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Senate endorses change in copyright policy
Venturing into uncharted territory created by the explosion of new multimedia products, the Faculty Senate last week endorsed a new policy that would require members of the Stanford community to assign their copyrights to the university if "significant use" is made of university services or resources.
In sometimes impassioned debate, faculty members wrestled with issues raised by the development of CD-ROMs, computer-based instructional programs and databases that have blurred traditional lines of ownership in academia. In the end they agreed to make the new policy deliberately vague because the future impact of new technologies is so uncertain.
"This is fundamentally something for which there exists no perfect solution," economics Professor Roger Noll said. "And that's because of uncertainties."
Several members of the Senate expressed reservations about the policy change, although very few opposed it in the voice vote that followed more than an hour of debate.
Discussion on the issue was spearheaded by J. W. Goodman, senior associate dean of the School of Engineering and 1997-98 chairman of the senate's Committee on Research. He and others emphasized that traditional use by faculty of university-owned personal computers and libraries and limited use of secretarial and administrative help would not fall under the policy's definition of "significant use" of Stanford resources.
President Gerhard Casper said that some administrators and faculty members are concerned about a potential scenario in which Stanford might not profit from a product that required substantial university resources to develop.
"We are worried about the 'killer application,'" he said. "We would be very worried if that came out of the coursework of our university and we were left out there in the cold with some for-profit outfit plus a faculty member reaping the benefits of decades of curricular work to which there has been some departmental input and so on."
Casper, who chairs a committee on information technology of the Association of American Universities, said the issue was being debated nationally. He urged the senate to "send notice to the world that we are watching this carefully and everybody should be on guard."
The senate endorsed a new policy that would be in effect for no more than three years, during which time a "broadly representative" faculty committee would continue to examine copyright issues. Any proposed extension or change to the policy would come back to the senate for its approval.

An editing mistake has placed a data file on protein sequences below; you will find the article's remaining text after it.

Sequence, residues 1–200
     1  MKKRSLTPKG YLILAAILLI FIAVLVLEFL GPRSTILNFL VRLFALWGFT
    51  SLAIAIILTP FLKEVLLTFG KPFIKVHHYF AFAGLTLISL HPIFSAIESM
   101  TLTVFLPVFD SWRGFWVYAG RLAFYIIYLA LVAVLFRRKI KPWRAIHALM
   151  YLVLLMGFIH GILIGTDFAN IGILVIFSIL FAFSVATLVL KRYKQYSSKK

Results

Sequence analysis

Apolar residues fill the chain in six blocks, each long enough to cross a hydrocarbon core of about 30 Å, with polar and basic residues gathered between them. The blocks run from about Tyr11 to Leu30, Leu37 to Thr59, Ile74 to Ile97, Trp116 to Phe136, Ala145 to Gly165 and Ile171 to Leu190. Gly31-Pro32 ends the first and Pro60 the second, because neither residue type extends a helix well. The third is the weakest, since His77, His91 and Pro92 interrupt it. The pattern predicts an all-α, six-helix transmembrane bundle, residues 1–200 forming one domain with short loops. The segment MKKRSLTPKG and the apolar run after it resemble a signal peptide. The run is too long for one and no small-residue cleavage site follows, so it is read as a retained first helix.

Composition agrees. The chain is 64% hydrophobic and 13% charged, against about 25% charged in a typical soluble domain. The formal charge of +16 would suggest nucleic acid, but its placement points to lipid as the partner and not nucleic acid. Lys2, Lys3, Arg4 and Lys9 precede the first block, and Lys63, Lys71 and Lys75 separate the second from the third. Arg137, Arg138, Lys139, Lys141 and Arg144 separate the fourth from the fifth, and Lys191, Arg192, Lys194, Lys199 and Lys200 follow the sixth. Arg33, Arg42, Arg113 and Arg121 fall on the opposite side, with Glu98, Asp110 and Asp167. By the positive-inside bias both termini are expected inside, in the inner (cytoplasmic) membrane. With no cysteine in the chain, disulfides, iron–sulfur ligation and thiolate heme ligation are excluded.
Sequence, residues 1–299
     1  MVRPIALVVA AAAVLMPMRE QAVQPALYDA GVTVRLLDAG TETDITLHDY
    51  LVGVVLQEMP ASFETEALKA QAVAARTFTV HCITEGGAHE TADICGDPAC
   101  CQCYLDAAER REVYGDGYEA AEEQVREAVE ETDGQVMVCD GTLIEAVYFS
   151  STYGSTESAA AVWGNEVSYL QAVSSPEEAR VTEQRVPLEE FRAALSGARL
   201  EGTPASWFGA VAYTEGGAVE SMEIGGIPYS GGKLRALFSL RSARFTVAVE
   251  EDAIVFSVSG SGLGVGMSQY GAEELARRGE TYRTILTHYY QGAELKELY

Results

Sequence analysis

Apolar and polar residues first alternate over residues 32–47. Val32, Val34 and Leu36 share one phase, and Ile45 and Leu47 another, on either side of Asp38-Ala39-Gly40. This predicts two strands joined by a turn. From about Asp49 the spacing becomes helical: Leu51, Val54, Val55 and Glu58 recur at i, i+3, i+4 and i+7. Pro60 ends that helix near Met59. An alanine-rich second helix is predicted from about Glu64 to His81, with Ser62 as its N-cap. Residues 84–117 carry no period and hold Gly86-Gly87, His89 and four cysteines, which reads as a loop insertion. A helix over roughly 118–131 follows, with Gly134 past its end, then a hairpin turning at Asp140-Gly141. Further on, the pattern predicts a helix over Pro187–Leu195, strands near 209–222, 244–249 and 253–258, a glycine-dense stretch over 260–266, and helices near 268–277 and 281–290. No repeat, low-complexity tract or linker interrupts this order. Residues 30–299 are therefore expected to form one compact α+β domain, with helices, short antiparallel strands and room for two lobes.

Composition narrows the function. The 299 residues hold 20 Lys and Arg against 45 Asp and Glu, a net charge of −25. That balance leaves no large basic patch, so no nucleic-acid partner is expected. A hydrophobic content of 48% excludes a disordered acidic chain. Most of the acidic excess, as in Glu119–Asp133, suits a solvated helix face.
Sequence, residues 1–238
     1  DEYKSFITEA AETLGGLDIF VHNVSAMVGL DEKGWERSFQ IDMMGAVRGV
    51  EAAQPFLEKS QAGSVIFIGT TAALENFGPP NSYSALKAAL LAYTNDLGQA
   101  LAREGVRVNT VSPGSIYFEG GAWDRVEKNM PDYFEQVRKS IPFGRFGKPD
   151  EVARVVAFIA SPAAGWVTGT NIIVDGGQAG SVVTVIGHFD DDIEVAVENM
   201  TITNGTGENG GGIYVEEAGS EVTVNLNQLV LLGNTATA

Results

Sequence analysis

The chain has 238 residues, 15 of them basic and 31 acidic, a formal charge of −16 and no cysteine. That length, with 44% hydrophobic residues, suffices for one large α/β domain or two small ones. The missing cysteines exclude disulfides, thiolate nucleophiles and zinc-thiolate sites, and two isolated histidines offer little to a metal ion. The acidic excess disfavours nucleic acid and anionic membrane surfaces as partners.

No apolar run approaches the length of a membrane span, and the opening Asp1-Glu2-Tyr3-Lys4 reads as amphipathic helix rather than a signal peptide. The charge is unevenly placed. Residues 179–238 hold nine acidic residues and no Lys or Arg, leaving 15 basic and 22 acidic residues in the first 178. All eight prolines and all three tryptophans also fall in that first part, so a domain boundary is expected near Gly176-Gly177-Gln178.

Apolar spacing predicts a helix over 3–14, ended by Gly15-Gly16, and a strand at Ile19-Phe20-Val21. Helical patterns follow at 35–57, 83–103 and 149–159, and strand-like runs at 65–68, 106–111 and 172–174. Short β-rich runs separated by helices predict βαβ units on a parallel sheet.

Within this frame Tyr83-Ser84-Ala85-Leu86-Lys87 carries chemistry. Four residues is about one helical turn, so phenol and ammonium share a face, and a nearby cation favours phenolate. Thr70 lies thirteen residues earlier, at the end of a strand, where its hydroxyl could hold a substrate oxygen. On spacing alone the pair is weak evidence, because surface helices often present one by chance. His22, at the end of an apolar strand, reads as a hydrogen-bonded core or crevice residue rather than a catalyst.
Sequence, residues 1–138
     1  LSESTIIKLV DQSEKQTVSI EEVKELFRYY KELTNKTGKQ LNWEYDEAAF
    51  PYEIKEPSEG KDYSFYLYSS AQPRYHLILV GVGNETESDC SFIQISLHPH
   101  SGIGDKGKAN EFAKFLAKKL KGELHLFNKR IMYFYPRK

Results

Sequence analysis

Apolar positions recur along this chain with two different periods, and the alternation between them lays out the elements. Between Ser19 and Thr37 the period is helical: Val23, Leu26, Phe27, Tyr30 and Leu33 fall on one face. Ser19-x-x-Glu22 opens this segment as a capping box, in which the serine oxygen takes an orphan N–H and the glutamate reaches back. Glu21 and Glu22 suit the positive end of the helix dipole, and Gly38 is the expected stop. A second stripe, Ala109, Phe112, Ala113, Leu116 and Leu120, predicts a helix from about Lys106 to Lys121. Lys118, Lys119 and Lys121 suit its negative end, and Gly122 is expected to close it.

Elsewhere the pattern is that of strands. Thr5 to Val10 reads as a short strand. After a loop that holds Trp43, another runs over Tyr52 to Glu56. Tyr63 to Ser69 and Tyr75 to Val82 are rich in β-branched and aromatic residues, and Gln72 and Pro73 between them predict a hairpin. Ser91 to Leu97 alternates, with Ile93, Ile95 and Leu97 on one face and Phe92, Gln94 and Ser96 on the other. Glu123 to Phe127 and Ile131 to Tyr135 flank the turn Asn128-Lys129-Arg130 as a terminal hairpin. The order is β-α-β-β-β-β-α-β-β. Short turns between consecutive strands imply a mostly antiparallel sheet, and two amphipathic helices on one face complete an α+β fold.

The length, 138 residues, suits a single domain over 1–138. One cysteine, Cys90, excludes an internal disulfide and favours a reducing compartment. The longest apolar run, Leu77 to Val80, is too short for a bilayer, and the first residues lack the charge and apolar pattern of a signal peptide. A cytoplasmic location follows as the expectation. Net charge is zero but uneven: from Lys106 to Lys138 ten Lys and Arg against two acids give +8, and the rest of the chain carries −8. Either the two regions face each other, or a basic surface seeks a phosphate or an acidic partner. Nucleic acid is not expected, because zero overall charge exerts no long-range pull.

Goodman said the need for a new policy came from the advent of "CD-ROMs, video, audio, both analog and digital, databases [and] electronic books. In these cases, perhaps in many of these cases, there may be a need for the institution . . . to invest considerable sums of its own money in enabling these creations. The issue, then, is what are the implications of such institutional investments in terms of who owns what."
He noted that current policy does not distinguish cases in which the university makes an investment other than claiming university ownership of "institutional works."
"I'm not convinced there are good reasons for changing the policy," said chemistry Professor Hans Andersen. Under current rules and procedures, he said the university could cite professors who misused Stanford resources by finding them in violation of the conflict-of-interest policy.
"If you're trying to protect the university, I think what you really need are criteria for what is acceptable use what is a reasonable or acceptable way of using the university resources in activities that might lead to a textbook," he said.
Andersen said the vagueness of the proposed new policy could end up in a "very messy lawsuit" if, for example, a faculty member wrote a textbook but his or her alleged misuse of university resources only came to light when the text, years later, became successful.
In addition, he asked, "How does the university or how should the university participate in these enormous revenues that are going to come flowing in from the information revolution?" He suggested a contractual relationship to clarify the lines of participation in individual cases.
Biological sciences Professor Craig Heller was also uncomfortable with the policy's lack of guidance. "How do you resolve a situation when you get to the end of the line, you've used a half-time university programmer for a quarter, you've used other resources, and all of a sudden you realize this is something that should be commercialized?"
"I think it would be valuable for us to try and tighten up and establish exactly what standards we mean by 'significant use,'" said engineering-economic systems Professor Ross Shachter.
Charles Kruger, vice provost for research, responded by noting that the wording in the university's current patent policy, while "similarly vague" to the proposed copyright policy, has nonetheless worked well.
"There are questions about use that need to get resolved from time to time," Kruger said. "But they're not overly burdensome and tend to be resolved in a departmental or school level."
Addressing Andersen, Casper said faculty members frequently own the copyright to books that generate little or no income. As far as "the huge amount of money that is to be made in future uses of information technology well, maybe there is and maybe there isn't. Nobody really knows, nobody has a clue," he said.
Noll found virtue in the policy's vagueness.
"To make a regulatory rule now about faculty behavior or university behavior on the prospect of a technology that is progressing extraordinarily rapidly and in unpredictable ways would be foolish," he said.